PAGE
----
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Genes Cells. 2007 Feb;12(2):171-82.

Mouse homolog of SALL1, a causative gene for Townes-Brocks syndrome, binds to A/T-rich sequences in pericentric heterochromatin via its C-terminal zinc finger domains.

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1
Division of Integrative Cell Biology, Institute of Molecular Embryology and Genetics, Kumamoto University, Kumamoto 860-0811, Japan.

Abstract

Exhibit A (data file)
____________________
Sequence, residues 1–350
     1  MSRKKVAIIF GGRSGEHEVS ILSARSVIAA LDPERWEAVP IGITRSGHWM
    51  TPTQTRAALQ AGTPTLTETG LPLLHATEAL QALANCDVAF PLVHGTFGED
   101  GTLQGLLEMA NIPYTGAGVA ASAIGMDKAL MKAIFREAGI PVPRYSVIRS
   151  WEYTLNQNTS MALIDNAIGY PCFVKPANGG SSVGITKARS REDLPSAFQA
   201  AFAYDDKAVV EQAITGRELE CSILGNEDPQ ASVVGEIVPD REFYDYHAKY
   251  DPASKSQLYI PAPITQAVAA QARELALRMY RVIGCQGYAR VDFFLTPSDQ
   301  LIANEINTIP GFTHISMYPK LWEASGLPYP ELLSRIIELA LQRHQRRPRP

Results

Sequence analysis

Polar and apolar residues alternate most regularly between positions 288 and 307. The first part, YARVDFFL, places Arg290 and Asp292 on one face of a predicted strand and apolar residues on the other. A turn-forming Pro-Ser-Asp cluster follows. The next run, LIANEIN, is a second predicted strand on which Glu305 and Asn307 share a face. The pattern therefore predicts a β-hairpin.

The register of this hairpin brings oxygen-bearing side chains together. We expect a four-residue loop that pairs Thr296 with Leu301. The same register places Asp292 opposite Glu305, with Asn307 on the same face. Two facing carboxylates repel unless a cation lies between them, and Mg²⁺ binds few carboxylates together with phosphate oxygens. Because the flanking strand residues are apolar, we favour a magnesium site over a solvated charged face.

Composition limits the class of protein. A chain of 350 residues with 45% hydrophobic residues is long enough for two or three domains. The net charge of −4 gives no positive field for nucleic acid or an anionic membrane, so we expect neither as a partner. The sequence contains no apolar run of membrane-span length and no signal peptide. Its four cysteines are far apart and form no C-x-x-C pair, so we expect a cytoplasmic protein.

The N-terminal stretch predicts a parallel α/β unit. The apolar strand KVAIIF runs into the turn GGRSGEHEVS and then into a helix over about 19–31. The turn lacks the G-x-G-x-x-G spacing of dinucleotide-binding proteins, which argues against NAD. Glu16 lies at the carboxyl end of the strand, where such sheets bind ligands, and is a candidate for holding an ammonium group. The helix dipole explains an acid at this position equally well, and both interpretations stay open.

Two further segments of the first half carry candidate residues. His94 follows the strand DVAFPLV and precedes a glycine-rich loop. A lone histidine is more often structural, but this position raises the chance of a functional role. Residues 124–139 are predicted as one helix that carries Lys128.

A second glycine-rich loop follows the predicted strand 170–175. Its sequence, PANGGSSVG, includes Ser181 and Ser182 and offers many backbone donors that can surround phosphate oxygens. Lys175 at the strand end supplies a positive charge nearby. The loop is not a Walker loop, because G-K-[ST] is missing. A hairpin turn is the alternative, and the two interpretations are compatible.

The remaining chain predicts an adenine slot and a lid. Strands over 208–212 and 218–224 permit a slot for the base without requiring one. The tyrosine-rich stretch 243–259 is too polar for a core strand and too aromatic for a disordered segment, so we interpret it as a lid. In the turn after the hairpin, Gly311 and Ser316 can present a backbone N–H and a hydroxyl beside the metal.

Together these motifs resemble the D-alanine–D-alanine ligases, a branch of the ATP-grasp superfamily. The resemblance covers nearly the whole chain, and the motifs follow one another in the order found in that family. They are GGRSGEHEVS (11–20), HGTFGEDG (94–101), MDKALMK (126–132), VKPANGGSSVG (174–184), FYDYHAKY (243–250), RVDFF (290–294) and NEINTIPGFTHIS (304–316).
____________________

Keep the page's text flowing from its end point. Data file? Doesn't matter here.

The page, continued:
The Spalt (sal) gene family is conserved from Drosophila to humans. Mutations of human SALL1 cause Townes-Brocks syndrome, with features of ear, limb, anal, renal and heart anomalies. Sall1, a murine homolog of SALL1, is essential for kidney formation, and both Sall1 and SALL1 localize to heterochromatin in the nucleus. Here, we present a molecular mechanism for the heterochromatin localization of Sall1. Mutation analyses revealed that the 7th-10th C-terminal double zinc finger motifs were required for the localization. A recombinant protein of the most C-terminal double zinc finger (9th-10th) bound to specific A/T-rich sequences. Furthermore, Sall1 associated with A/T-rich sequences of the major satellite DNA in heterochromatin. Thus Sall1 may bind to A/T-rich sequences of the major satellite DNA via its C-terminal double zinc fingers, thereby mediating its localization to heterochromatin.

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